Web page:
One paper, published this week, titled Indian Entrepreneurial Success in the US, Canada and the UK, by Robert W. Fairlie - University of California, Santa Cruz, Harry Krashinsky - University of Toronto, Julie Zissimopoulos – RAND and Krishna B. Kumar – RAND (available here) takes a look at the differences in entrepreneurship (incidence and outcomes) and education amongst one large sub-group of immigrants to the US, UK and Canada. Having a culturally homogenous and relatively large group of immigrants allows the authors to set aside the need for measuring sending country attributes, thus improving substantially the accuracy of their results.
What they found is pretty interesting.
Indian immigrants in the US and other wealthy countries are successful in entrepreneurship. But how successful these entrepreneurs are once they reach different countries and encounter different social systems, and what are the sources of their success?
The study finds that “in the US Indian entrepreneurs have average business income that is substantially higher than the national average and is higher than any other immigrant group. High levels of education among Indian immigrants in the US are responsible for nearly half of the higher level of entrepreneurial earnings while industry differences explain an additional 10 percent. In Canada, Indian entrepreneurs have average earnings slightly below the national average but they are more likely to hire employees, as are their counterparts in the US and UK. The Indian educational advantage is smaller in Canada and the UK contributing less to their entrepreneurial success.”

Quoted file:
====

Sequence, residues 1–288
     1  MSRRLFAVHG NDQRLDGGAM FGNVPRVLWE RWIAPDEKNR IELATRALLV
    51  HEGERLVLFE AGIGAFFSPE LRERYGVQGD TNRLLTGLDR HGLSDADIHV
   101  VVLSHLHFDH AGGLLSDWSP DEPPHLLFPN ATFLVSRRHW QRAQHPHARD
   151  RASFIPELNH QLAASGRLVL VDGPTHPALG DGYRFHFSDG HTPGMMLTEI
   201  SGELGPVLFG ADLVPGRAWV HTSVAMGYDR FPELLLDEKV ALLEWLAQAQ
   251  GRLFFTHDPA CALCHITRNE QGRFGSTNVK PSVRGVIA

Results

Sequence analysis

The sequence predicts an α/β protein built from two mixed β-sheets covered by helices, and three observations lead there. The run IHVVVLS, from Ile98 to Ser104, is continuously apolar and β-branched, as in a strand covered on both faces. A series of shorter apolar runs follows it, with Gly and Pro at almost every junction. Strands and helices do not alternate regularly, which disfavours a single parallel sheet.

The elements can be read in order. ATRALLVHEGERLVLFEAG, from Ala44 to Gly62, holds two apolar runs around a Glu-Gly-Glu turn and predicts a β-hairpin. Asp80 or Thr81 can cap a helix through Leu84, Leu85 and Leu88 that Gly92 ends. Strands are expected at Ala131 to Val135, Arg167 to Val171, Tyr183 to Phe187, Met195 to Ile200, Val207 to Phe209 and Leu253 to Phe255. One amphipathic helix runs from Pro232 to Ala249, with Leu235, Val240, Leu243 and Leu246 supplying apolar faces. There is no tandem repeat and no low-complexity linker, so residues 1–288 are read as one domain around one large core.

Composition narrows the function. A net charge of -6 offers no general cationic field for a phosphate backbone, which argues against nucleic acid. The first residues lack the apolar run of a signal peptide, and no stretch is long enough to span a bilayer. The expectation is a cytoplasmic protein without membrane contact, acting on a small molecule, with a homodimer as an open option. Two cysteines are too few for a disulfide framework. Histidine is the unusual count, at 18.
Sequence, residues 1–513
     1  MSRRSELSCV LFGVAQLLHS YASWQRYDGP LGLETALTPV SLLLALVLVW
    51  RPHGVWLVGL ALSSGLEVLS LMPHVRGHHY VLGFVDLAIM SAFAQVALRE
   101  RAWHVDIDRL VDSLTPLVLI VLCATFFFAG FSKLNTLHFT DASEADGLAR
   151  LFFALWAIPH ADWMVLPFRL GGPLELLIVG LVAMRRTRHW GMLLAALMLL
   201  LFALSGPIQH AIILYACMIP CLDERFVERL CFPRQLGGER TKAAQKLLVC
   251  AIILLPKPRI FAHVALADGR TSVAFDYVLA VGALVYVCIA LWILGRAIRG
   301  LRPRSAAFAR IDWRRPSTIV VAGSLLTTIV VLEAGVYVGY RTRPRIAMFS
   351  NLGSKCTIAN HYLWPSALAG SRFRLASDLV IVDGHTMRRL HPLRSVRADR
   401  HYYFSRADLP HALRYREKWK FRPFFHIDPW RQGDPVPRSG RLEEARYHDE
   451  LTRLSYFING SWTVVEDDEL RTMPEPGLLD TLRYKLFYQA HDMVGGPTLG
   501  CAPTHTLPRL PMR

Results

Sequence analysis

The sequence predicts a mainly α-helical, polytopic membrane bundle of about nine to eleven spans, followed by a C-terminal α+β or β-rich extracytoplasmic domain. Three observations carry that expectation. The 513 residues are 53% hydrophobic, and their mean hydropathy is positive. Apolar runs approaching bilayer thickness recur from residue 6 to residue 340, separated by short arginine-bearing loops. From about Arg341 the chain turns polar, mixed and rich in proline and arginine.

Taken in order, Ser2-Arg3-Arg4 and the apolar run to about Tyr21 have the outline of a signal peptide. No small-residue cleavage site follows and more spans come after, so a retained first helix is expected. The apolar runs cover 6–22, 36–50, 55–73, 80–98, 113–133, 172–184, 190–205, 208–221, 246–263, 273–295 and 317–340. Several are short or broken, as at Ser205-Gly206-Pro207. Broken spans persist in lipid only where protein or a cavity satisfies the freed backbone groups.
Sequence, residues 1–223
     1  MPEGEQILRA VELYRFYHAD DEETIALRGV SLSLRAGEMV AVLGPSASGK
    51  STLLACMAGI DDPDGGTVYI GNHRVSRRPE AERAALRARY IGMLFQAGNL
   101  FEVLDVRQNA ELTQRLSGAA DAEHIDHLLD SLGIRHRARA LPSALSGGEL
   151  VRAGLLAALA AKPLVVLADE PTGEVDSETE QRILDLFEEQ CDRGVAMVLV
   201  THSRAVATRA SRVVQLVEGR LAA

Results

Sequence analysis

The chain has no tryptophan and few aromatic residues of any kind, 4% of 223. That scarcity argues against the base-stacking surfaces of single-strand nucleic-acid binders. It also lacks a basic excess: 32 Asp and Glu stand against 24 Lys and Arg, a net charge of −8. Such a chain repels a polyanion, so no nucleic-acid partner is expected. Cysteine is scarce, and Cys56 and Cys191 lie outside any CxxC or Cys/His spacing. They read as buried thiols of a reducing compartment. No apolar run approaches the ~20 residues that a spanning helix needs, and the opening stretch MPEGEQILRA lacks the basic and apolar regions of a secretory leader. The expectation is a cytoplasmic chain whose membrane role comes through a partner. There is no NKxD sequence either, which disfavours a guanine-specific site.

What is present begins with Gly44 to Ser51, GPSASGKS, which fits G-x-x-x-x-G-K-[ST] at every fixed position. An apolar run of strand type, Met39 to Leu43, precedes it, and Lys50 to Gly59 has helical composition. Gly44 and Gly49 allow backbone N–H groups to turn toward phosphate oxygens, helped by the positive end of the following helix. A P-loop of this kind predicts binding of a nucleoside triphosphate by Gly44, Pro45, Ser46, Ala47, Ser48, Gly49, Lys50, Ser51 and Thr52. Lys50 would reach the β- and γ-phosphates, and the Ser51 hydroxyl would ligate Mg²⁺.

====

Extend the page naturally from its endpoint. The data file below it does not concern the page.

Hmmm… why so, you might ask?
Immigrants are most likely to enter both the US and UK as ‘family sponsored.’ Since the 1960s U.S. immigration policy has strongly favored family reunification. The UK’s immigration policies over the past four decades have shifted towards emphasizing family reunification and employment. On the other hand, Canada's point-based system which awards immigration admission points based on education, language ability (English or French), years of experience in a managerial, professional or technical occupation, age, arranged employment in Canada, and other factors leads to more skilled immigrants compared to the US.
So far so good – Canada has longer lasting and much more selective immigration policies than the US and UK.
Because of the point-based system, in Canada, roughly half of all immigrants are admitted through employment-based preferences. In contrast, slightly more than 10 percent of immigrants in the US are admitted under this classification.
Again, sounds like Canada should be really the land of entrepreneurial and higher quality immigrants.
The related category of employment creation or investors who face minimum net worth and business experience requirements, and self-employed immigrants who must have relevant experience in occupations. A larger (but still relatively small – just 7%) share of immigrants in Canada are admitted under these policies than in the US (0.1%) and UK (2.4%).